We owe a debt of thanks to Desmond Cole for putting a human face on this troubling police practice. It is now time for the citizens of Ottawa and their elected representatives to do more to address systemic racism in our police force.

Leo Russomanno is a criminal lawyer practicing at Abergel Goldstein & Partners. Vanessa MacDonnell is a professor at the University of Ottawa, where she teaches criminal and constitutional law. They tweet at @len_1989 and @vanessa_macd, respectively.

Shelagh Day: UN Human Rights Committee Blasts Canada on Gender Wage Gap

Tuesday, August 4, 2015


Canada’s human rights performance was just reviewed by the United Nations Human Rights Committee. A number of Canadian NGOs made submissions and went to Geneva for the review, including the Canadian Feminist Alliance for International Action, which is an alliance of more than sixty national, provincial and local women’s organizations.
 
In its Concluding Observations, the United Nations Committee took Canada to task for “persistent inequalities between women and men” and made a special point about Canada’s gender wage gap, which costs women about 23 cents on every dollar.[1] According to the World Economic Forum’s Global Gender Gap Report of 2014, Canada’s wage equality ranks in 27th place behind the Philippines, Nigeria and Albania.[2] A study by Catalyst Canada shows that Canada’s gender wage gap is twice the global average.[3]

When Canada was questioned by Committee members during the review, the Canadian delegation demonstrated no concern about the gender pay gap. The delegation informed the Committee that if we subtracted from the calculation women’s family status, time out of the work force to look after children, and occupation, women would earn 91 cents for every male dollar. It was an astounding reply: if women were the same as men, they would be paid more. That’s the problem alright, but it’s not the answer.

Canada’s disinterest contrasts with the concern shown in another Conservative-led country, the United Kingdom, where Prime Minister David Cameron recently announced that his government will require firms with more than 250 employees to publish the average pay of male and female employees. Cameron hopes that this will pressure firms into boosting women’s wages, and that the pay gap will be eliminated in a generation. The Office of National Statistics reports the gender wage gap in the U.K. at 9.4%, less than half of Canada’s.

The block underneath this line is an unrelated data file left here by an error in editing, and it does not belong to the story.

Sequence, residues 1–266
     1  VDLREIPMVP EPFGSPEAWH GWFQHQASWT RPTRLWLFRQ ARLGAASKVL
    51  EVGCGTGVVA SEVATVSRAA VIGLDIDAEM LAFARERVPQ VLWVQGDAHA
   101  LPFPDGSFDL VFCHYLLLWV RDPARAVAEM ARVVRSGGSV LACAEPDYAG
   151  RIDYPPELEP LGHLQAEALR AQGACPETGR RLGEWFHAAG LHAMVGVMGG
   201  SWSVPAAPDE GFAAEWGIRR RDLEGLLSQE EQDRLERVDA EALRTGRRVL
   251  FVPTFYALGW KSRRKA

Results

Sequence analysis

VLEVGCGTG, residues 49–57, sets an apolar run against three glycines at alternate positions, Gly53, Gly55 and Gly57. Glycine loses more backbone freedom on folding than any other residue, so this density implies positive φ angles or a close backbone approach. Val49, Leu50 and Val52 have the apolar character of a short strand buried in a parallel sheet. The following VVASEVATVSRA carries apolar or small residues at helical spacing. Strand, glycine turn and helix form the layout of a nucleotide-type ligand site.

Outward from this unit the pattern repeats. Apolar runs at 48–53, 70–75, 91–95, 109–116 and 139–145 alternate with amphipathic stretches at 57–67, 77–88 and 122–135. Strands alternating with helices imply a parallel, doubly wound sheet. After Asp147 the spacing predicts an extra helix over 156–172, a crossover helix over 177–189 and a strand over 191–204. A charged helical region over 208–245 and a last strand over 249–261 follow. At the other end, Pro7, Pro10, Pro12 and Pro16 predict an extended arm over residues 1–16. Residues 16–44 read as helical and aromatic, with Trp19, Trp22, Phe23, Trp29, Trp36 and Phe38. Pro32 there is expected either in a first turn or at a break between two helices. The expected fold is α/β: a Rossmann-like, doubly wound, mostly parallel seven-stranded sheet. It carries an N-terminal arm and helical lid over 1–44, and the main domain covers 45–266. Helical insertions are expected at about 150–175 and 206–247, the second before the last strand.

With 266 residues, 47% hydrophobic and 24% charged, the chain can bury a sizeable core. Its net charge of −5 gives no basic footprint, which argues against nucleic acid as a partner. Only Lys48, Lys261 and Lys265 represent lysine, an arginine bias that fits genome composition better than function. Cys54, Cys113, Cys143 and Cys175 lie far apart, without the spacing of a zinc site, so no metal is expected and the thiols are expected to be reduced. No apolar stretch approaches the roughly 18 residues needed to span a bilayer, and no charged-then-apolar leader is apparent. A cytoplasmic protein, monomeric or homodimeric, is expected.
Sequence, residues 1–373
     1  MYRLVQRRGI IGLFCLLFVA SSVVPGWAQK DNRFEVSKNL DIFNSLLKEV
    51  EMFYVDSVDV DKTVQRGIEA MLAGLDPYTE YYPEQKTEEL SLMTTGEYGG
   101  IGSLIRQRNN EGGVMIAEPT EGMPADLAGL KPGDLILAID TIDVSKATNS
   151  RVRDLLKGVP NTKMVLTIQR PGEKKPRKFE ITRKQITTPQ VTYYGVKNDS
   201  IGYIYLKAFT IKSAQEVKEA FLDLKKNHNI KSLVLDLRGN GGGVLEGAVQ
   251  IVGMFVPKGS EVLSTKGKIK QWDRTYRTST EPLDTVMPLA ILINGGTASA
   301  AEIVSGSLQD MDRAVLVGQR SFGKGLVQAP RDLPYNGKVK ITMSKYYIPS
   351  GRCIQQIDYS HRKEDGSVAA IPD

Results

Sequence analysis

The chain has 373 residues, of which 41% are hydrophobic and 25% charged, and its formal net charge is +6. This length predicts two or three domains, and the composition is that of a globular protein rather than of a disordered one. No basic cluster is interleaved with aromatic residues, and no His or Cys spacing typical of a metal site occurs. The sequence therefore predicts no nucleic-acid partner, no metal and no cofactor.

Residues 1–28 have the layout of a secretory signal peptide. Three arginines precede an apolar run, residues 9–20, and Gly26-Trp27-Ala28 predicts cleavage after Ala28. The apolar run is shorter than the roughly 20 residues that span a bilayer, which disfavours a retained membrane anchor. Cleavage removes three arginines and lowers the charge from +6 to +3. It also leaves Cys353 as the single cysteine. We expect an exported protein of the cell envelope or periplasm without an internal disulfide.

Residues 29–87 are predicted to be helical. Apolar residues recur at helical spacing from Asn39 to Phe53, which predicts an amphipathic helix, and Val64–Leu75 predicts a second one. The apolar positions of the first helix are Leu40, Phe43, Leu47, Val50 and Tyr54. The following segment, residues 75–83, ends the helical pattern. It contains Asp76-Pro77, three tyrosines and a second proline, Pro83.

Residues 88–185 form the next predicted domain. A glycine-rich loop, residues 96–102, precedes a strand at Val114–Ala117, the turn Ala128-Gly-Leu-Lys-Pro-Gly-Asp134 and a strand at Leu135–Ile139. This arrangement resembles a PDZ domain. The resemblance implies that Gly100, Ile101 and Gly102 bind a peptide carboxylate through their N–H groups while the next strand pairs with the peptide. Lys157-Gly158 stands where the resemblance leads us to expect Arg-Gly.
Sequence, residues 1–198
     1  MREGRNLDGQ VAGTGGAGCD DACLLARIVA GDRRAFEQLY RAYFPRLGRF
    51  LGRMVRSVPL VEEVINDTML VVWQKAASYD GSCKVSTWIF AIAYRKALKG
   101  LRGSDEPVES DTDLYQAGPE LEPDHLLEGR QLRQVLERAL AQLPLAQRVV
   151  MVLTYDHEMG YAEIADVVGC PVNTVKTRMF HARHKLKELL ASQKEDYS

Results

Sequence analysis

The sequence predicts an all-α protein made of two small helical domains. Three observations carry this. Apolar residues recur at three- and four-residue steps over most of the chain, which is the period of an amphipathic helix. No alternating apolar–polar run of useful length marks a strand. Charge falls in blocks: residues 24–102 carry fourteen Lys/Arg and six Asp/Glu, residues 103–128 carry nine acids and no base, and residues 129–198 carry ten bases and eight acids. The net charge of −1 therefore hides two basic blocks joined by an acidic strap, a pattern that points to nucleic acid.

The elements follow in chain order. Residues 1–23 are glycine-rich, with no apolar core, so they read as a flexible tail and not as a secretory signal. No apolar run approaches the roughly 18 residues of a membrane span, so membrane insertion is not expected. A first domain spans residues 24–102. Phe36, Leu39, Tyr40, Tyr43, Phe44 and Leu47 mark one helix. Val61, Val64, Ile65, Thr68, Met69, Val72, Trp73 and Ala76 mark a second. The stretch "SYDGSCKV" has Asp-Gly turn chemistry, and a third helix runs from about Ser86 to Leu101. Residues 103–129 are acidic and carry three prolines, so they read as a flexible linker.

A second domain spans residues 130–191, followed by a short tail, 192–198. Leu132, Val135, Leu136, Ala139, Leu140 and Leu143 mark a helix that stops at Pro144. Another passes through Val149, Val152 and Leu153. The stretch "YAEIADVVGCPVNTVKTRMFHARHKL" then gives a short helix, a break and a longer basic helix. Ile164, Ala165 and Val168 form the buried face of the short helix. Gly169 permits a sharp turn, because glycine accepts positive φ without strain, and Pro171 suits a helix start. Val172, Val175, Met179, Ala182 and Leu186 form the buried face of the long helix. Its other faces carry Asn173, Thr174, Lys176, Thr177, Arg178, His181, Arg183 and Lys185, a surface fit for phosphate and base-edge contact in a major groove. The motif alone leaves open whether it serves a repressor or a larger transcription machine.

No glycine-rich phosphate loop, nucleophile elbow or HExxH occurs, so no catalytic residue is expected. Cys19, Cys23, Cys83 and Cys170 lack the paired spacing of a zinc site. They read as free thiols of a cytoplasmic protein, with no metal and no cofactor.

As a strategy, Cameron’s requirement on firms to publish their pay data, with nothing else, is not likely to be effective. Nonetheless, it is refreshing to a Canadian ear to hear a Prime Minister recognize that employment discrimination remains a regular, and unacceptable, feature of women’s lives.

The United Nations Human Rights Committee told Canada to “guarantee that men and women receive equal pay for work of equal value across its territory” whether they are working in the public or the private sector. Implementing this recommendation means a big change in Canada’s laws on women’s pay.

Equal pay for work of equal value – or pay equity – laws go beyond requiring that men and women receive the same pay when doing the same work. Pay equity laws permit comparisons between pay rates for work performed principally by women and pay rates for work performed principally by men.

Since the 1980s, Canada has had pay equity legislation that covers both the public and private sectors only in federal jurisdiction, Ontario and Quebec. Because in 2009, the Harper administration gutted pay equity protection for employees of the federal government, the federal public sector can no longer be counted as covered, although the federal private sector still is.

Manitoba, Nova Scotia, New Brunswick and Prince Edward Island all have legislation mandating some pay equity measures for the public sector, but not for the private sector. Saskatchewan, Newfoundland, British Columbia, and Alberta have no pay equity legislation at all.
In a workforce like Canada’s, which remains highly sex-segregated, legislation requiring comparison between pay rates for traditionally female work and traditionally male work is an essential tool to address systemic gender-based wage discrimination. But it is not the only one. Pay equity laws need to be accompanied by other strategies, such as removing discriminatory barriers to better-paying jobs, promoting unionization of women, increasing the minimum wage, and providing affordable child care.

In 2015 it is time for Canada to have a national wage gap strategy that can deliver equality in pay to women. If we do not, at the rate we are going, women will wait another fifty years.

This column was first published in the Canadian Human Rights Reporter’s View Point, Issue 165. Shelagh Day is the President and Senior Editor of the Canadian Human Rights Reporter. 


[1] This is the 2011 Statistics Canada figure for Canada.
[2] Ricardo Husmann et al, The Global Gender Gap Report 2014 (Geneva: World Economic Forum, 2014), at 65, online:  <http://www3.weforum.org/docs/GGGR14/GGGR_CompleteReport_2014.pdf> 
[3] The Globe and Mail, “Gender pay gap in Canada more than twice global average, study shows” 5 May 2015,  online: http://www.theglobeandmail.com/news/british-columbia/gender-pay-gap-in-canada-more-than-twice-global-average-study-shows/article24274586/
Designed by Rachel Gold.